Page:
Tuesday, 03 May 2016 10:15

Crucial MX-series SSD: AES 256-bit hardware self-encryption for security and protection


With ‘top-level, government-grade’ hardware encryption that ‘meets or exceeds all industry encryption standards,’ Crucial wants to enhance your data security and protect business.

Improving data security requires extra precautions, according to SSD maker Crucial (now owned by Micron) , who says ‘it doesn’t have to be hard or expensive.’

The company says that ‘data can be protected by swapping out vulnerable preinstalled hard drives and encrypting data at the highest level.’

Mathew Luu, Micron Consumer Products Group Marketing Manager, APAC, explained: “Not only can you protect your data this way but you can also work faster by using products like Crucial MX-series SSDs. Data stored on business systems is an asset – and a liability. Like any asset, it’s worth protecting, and like any liability, it’s worth mitigating.

“From customer credit card information to personal identification numbers, email lists, and internal policies and product/service roadmaps, confidential data is stored on nearly every computer and server, meaning these systems are vulnerable in the event of accidental loss and are high-value targets for hackers and data thieves.”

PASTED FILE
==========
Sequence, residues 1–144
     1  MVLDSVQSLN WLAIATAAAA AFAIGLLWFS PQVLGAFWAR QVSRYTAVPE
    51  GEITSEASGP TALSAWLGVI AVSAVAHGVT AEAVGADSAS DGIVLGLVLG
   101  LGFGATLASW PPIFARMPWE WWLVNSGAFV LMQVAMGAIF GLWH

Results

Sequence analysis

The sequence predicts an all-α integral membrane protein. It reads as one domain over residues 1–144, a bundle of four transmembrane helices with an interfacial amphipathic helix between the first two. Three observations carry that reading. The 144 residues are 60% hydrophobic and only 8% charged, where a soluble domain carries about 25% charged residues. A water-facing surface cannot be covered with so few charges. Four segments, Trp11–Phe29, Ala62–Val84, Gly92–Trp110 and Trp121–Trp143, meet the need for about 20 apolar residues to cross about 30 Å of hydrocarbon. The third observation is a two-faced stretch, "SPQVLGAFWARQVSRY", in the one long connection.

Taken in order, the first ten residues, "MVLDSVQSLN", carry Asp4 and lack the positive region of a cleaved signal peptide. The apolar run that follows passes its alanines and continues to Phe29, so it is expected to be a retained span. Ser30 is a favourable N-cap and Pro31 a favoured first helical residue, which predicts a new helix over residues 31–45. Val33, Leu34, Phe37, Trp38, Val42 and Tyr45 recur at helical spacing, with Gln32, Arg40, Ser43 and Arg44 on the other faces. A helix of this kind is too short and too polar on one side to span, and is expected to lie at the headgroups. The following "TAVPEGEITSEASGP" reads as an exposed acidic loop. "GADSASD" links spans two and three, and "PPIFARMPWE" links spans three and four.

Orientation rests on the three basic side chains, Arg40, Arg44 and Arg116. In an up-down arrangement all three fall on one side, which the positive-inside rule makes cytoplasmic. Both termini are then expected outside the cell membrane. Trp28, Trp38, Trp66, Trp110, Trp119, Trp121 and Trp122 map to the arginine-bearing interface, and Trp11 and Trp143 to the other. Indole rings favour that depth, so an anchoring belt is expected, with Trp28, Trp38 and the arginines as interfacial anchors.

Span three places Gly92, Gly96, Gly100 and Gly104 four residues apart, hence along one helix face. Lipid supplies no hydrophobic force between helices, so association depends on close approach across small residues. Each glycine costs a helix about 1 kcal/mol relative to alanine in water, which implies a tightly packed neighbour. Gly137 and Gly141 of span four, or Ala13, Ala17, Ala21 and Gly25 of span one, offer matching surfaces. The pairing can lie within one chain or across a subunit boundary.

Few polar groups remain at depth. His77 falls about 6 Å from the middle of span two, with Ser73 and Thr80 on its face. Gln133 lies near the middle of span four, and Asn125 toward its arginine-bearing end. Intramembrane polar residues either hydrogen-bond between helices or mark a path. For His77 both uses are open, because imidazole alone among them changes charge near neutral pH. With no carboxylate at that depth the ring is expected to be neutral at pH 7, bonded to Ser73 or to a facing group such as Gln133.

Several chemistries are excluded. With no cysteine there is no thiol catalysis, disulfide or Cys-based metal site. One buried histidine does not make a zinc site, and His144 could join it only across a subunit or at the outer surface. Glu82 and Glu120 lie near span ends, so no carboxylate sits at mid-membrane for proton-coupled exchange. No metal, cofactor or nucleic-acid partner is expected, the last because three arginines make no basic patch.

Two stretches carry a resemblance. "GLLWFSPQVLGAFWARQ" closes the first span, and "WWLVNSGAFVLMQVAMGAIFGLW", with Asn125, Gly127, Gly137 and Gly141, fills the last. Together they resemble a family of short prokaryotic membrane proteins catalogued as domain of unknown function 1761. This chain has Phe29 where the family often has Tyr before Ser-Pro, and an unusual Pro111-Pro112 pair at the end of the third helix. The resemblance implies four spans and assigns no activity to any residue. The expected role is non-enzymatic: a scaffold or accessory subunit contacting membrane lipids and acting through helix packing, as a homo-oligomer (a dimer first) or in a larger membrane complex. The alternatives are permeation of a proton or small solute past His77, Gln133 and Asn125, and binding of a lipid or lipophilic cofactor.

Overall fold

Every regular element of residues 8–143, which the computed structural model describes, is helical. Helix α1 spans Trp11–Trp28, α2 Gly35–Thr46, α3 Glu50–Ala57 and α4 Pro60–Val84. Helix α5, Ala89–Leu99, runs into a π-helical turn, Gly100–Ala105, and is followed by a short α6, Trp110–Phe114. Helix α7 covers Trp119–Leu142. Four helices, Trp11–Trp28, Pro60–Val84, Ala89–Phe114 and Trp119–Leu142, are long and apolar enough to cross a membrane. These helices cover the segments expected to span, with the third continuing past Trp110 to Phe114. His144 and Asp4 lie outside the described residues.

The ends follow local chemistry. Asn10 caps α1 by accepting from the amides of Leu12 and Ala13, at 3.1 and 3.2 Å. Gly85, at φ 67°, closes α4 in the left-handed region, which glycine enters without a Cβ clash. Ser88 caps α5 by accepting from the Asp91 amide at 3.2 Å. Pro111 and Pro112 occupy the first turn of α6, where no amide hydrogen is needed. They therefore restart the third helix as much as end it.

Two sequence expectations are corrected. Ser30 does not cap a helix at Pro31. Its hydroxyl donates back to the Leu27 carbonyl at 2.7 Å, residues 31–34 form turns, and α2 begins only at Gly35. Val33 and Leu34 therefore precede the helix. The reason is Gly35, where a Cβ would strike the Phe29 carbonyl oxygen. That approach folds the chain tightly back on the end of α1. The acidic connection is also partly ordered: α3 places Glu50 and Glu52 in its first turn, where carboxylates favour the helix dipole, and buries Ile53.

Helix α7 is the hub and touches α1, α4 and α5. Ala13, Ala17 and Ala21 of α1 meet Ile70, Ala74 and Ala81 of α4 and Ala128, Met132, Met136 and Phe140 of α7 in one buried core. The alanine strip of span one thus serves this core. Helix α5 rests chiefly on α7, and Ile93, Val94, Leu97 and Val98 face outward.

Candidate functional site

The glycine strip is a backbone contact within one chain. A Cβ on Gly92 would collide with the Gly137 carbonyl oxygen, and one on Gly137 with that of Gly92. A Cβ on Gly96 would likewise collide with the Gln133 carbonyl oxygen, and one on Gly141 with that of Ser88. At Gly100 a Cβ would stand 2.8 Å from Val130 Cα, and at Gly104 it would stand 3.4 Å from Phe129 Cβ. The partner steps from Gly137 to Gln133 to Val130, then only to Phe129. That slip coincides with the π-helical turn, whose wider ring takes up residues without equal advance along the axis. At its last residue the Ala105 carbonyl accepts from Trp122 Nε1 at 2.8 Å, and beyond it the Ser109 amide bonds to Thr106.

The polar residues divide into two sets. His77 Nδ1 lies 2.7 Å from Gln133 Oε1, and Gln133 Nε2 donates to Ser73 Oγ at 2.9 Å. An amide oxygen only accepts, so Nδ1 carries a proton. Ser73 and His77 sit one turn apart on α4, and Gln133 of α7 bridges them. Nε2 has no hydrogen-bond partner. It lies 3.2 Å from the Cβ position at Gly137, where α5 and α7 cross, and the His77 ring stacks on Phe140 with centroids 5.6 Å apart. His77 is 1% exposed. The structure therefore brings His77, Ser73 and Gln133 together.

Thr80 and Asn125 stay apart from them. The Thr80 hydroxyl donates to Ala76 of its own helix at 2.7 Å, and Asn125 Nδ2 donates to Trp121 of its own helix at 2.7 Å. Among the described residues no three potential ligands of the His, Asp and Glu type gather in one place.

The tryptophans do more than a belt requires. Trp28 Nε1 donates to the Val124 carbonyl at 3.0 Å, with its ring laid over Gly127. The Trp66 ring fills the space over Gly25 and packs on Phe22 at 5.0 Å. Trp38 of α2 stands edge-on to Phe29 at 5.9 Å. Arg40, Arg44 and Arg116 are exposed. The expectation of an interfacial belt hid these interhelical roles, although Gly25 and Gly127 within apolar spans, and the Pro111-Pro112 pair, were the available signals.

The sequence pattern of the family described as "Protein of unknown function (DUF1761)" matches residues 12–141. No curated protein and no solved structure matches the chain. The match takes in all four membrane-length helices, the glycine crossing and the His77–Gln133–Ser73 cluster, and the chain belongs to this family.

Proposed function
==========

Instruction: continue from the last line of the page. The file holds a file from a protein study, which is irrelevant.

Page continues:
Jonathan Weech, Crucial SSD Senior Product Line Manager says he has ‘long explained to Crucial clients that there is also good news in this situation as these threats to data security can be diminished.’

Weech said: “If you needed someone to protect you, you’d rather have a strong, muscular person than a skinny bodyguard. When it comes to data security, the choice is similar – hardware-based encryption is a much stronger option for protecting data than software-based encryption, or worst of all, no encryption.”

Crucial states that ‘common threats to data security are many and include hackers breaching a system’s security and capturing customers’ payment information. There’s also the stolen or lost laptop that fell into the wrong hands and hackers who have gained access to information regarding a product in development, then sold it to a competitor.’

Weech added, “Businesses rely on confidential data, which includes customer payment information, personal records, or internal product roadmaps. Using self-encrypting SSDs to lock up your data helps protect the integrity and confidentiality of your data, and help protect you from lawsuits.”